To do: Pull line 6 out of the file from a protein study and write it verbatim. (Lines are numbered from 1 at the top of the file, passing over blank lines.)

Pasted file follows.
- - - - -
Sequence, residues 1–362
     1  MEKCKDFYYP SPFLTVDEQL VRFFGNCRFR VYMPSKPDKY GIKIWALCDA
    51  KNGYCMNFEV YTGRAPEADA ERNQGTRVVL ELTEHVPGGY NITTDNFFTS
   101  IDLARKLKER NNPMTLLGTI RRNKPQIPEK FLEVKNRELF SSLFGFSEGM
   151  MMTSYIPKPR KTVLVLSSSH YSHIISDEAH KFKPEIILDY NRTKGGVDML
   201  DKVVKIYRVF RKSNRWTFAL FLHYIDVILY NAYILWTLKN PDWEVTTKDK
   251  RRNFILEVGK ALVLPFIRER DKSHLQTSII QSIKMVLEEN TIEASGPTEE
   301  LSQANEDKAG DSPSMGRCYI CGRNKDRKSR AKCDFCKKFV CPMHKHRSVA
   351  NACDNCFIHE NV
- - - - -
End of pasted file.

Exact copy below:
   201  DKVVKIYRVF RKSNRWTFAL FLHYIDVILY NAYILWTLKN PDWEVTTKDK